“Paxton trial, Sept. 13: Woman in alleged affair with Paxton planned to plead the Fifth, doesn’t testify” was first published by The Texas Tribune, a nonprofit, nonpartisan media organization that informs Texans — and engages with them — about public policy, politics, government and statewide issues.
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Editor’s note: Today’s impeachment proceedings have ended and this post will no longer be updated. You can find new articles reporting the latest from Ken Paxton’s trial here.
The historic impeachment trial of suspended Attorney General Ken Paxton is underway in the Texas Senate. He faces 16 articles of impeachment that accuse him of misusing the powers of the attorney general’s office to help his friend and donor Nate Paul, an Austin real estate investor who was under federal investigation.
Paxton pleaded not guilty to all impeachment articles on the trial’s first day. His defense attorneys have vowed to disprove the accusations and said they will present evidence showing they are based on assumptions, not facts.
In a case of whiplash, suspended attorney general Ken Paxton’s lawyers — who made a sudden motion for a directed verdict, challenging the sufficiency of the evidence the House managers presented in their case — withdrew their motion.
The motion would’ve needed majority approval, or 16 senators.
Instead, Lt. Gov. Dan Patrick, who is presiding over the trial, said the motion had been withdrawn. Court resumed briefly and Paxton’s defense called its first witness: Michael Gerhardt, an impeachment expert at the University of North Carolina at Chapel Hill.
Before he could take the stand, the House lawyers immediately asked to approach the dais to engage in discussion. Minutes later, Patrick announced the court would adjourn for the day, delaying Gerhardt’s testimony. The trial will resume at 9 a.m. Thursday.
— Kate McGee
After seven days of long, grueling testimony in the impeachment trial of suspended attorney general Ken Paxton, House lawyer Rusty Hardin rested his case.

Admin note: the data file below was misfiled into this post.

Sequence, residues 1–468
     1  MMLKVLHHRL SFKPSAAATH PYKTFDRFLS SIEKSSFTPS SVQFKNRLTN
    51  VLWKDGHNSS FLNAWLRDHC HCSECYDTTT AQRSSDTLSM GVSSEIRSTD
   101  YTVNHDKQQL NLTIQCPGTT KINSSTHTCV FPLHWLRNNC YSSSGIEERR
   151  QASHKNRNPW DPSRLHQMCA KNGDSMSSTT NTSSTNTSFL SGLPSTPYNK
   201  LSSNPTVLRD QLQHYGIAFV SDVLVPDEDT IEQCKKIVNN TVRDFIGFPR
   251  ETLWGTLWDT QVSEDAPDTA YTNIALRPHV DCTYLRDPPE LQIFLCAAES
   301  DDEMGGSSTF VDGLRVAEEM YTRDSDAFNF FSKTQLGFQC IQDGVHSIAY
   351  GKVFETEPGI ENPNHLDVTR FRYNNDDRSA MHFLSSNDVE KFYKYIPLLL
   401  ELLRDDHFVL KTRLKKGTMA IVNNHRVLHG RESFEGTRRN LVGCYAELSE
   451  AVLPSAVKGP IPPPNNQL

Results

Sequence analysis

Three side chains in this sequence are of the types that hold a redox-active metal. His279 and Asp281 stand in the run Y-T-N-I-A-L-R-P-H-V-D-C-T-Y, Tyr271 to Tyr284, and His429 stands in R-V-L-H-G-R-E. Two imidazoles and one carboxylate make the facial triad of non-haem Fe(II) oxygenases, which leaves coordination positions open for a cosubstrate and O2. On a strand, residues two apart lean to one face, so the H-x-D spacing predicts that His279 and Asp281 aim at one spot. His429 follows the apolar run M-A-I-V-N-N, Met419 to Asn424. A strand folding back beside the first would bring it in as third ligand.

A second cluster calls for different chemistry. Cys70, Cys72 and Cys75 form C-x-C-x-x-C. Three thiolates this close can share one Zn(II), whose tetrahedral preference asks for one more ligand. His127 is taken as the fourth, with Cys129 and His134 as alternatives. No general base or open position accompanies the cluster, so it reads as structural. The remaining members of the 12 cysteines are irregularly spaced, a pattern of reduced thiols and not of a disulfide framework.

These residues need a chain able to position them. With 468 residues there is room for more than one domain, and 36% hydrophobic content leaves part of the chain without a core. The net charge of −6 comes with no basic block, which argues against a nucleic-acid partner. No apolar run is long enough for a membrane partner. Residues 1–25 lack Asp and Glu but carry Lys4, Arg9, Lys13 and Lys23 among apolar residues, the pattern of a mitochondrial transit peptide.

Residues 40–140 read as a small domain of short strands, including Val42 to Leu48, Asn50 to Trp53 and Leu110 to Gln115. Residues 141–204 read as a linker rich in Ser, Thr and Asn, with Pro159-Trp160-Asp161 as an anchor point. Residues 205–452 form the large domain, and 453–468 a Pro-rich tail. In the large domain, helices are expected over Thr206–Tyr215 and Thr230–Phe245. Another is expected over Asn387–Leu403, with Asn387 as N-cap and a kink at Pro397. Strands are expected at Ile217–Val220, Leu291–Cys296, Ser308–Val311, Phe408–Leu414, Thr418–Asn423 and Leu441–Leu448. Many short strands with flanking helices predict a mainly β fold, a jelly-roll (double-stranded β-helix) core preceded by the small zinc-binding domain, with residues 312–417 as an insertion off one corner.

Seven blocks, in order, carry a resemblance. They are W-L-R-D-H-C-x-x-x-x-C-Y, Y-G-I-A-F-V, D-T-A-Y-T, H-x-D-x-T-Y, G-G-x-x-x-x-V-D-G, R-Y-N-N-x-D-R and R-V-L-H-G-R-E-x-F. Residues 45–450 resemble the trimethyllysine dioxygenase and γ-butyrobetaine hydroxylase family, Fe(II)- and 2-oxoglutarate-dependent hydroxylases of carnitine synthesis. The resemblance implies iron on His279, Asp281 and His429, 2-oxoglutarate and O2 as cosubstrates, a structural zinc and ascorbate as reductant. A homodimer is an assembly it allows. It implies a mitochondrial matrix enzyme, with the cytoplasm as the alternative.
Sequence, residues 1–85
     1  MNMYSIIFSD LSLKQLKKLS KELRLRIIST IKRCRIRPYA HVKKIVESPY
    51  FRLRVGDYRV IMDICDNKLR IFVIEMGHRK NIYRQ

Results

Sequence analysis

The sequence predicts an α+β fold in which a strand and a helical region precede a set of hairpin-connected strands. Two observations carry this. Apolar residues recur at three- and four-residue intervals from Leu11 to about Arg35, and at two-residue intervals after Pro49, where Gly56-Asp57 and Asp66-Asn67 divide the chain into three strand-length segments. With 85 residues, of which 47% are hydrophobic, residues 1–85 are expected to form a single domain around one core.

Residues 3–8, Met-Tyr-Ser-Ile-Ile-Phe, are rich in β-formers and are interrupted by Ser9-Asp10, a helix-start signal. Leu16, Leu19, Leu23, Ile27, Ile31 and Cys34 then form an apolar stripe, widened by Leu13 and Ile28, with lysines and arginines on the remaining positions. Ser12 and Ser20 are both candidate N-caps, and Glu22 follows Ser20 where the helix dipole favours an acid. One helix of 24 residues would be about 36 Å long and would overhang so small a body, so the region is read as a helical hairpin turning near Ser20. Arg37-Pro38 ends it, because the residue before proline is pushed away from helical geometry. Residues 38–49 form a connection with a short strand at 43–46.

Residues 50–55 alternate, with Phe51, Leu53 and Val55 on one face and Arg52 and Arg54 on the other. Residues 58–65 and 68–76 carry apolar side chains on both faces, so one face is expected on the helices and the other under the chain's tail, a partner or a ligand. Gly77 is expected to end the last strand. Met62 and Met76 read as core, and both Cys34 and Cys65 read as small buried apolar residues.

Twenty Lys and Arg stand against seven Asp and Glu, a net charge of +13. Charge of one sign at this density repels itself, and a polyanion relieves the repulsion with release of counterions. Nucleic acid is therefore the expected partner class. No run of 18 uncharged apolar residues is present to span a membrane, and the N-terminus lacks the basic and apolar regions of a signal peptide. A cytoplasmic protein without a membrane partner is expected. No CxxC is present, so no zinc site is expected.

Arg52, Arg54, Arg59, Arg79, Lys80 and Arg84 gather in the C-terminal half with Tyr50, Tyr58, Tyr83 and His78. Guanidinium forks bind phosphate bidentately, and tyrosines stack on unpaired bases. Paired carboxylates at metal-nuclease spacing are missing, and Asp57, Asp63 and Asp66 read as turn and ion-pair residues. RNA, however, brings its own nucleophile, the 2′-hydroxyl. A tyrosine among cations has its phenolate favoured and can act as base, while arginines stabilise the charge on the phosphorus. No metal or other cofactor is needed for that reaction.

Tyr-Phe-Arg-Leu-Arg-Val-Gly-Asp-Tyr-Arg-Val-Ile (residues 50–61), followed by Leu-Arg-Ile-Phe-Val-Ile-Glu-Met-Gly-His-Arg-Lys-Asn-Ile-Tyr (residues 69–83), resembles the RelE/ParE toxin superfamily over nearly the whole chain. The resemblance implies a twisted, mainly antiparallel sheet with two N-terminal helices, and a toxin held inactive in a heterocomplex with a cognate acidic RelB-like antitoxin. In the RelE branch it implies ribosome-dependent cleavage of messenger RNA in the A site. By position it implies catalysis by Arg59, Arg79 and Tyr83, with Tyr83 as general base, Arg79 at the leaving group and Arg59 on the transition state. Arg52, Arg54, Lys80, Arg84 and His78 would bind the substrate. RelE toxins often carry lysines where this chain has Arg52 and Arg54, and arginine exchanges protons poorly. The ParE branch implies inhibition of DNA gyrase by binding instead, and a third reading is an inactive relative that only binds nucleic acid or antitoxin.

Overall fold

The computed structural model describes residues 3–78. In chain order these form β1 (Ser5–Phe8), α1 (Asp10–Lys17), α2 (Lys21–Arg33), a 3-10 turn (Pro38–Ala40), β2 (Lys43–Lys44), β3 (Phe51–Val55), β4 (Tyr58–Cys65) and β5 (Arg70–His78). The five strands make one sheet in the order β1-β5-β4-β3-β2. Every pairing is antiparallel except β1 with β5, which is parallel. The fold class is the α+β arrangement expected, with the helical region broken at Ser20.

But he did it accidentally, setting off a bizarre and unexpected chain of events that could potentially end the impeachment trial earlier than anticipated.
Hardin admitted that he accidentally rested too early before Paxton’s lawyers could cross-examine the last witness, Blake Brickman, one of the whistleblowers.
Paxton lawyer Tony Buzbee declined to press to cross-examine Brickman and instead quickly moved for a directed verdict, arguing that House managers had not sufficiently proved the articles of impeachment. The written motions challenged every article singly or in groups, he said.
Eligible senators then left the chamber to deliberate on a directed verdict, which needs majority approval, or 16 senators.
Sen. Angela Paxton, R-McKinney, is sitting for the trial but is ineligible to vote or deliberate.
— Kate McGee
Lt. Gov Dan Patrick told the jury Wednesday afternoon that Laura Olson, the woman with whom suspended attorney general Ken Paxton is alleged to have had an extramarital affair, was present but deemed unavailable to testify.
Upon questioning from Sen. Nathan Johnson, D-Dallas, in the chamber, Patrick said that lawyers from both sides have agreed that Olson is “deemed unavailable.”
She was planning to assert her Fifth Amendment right against self-incrimination and refuse to answer questions, according to two people with direct knowledge of the situation.
Olson had been called by the prosecution to testify early Wednesday, but Patrick said she was not eligible to testify until after 3 p.m. because she had not been notified a full 24 hours in advance, as trial rules required.
Sen. Angela Paxton, R-McKinney, is married to Paxton. She must be present for the trial but cannot vote on the articles of impeachment.
Olson’s relationship with Paxton was central to the House managers’ impeachment case. Her testimony has been highly anticipated as she has never spoken publicly.
House managers allege that Paxton misused his office to help his friend and donor Nate Paul investigate his business rivals. In exchange, Paul hired Olson to work at his business so she could be closer to Paxton, the impeachment managers allege. They also allege that Paul and Paxton shared a secret Uber account that Paxton used to visit Olson’s house.